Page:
The latest round of American mass shootings were much deadlier than those that took place last week, despite the fact that there was actually one fewer attack and fewer overall victims.
Over the past seven days, America witnessed nine mass shootings that left eight dead and 35 wounded. These attacks bring the US mass shooting body count so far in 2016 to 362 dead and 1,364 injured.
Meanwhile, Europe suffered zero mass shootings over the same period, leaving the continent's mass gun violence tally so far this year steady at 46 dead and 158 injured.
The latest round of American mass shootings were much deadlier than those that took place last week, despite the fact that there was actually one fewer attack and fewer overall victims. Still, these shootings followed standard patterns of large-scale gun violence to which the US has grown alarmingly jaded.
At about 7 PM local time Saturday, a drive-by on a group of people at a barbecue in Sacramento, California, left one dead and five injured. About 30 minutes later, in Bridgeport, Connecticut, uninvited guests are said to have started a fight at a Sweet 16 party that quickly devolved into a shooting, leaving five injured. Some 30 minutes after that, a street shooting on a group of people sitting in a car in Kansas City, Missouri, left one dead and three injured.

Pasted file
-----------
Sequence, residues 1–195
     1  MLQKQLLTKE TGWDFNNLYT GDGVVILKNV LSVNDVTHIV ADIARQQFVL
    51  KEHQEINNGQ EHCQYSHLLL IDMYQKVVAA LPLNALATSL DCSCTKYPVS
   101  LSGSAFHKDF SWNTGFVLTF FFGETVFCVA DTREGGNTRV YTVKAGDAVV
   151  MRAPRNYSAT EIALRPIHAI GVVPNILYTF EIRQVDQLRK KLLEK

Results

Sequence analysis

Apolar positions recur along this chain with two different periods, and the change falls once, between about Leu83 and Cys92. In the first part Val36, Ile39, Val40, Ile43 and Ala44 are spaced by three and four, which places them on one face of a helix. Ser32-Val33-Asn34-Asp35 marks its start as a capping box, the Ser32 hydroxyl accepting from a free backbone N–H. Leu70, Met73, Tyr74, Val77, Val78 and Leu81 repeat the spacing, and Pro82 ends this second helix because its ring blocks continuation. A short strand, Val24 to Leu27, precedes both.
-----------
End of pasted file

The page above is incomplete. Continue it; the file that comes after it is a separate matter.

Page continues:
Later that night, around 2 AM Sunday, a shooting in a crowd of people in Orange County, Florida, left four injured. Just under an hour later, at about 3:50 local time, at least one shooter opened fire into the front door of a nightclub in Kingshill in the Virgin Islands, injuring four more. And just over an hour after that, uninvited guests reportedly fired into an apartment where a party was being held in San Antonio, Texas, injuring four more people.
On Sunday evening at about 6 PM, a shooting on a car in Jacksonville, Florida, left three dead and two injured. Then, at about 9 PM local time, a man in San Diego, California, opened fire on his ex-wife and her family after a dispute with her new boyfriend, killing her parents and injuring her and her grandfather. After a days-long lull, the past week's mass shootings capped off at about 6:20 Thursday evening when a shooting at a two-year-old's birthday party in Dyersburg, Tennessee, left one dead and six injured.
A few of these attacks managed to gain a wider degree of media and popular attention than the rest because they involved especially young victims, who are often presented by the press as uniquely innocent and therefore tragic casualties. The Bridgeport Sweet 16 shooting's victims were mostly teens, the Jacksonville car attack left an 11-month-old dead, and the Dyersburg incident left a six-year-old injured and a mother dead. But even these attacks were often only able to gain temporary traction in regional outlets.
The fact is that none of these stories, whether they involve children or not, ought to slip under the national radar. As yet another quiet week in Europe attests, the scale and frequency of gun violence America has normalized is not, in fact, normal. So long as we treat attacks like the nine the US endured this week as largely inconsequential, we quietly endorse and enable a grinding mass shooting epidemic—a national shame sorely in need of a national reckoning.
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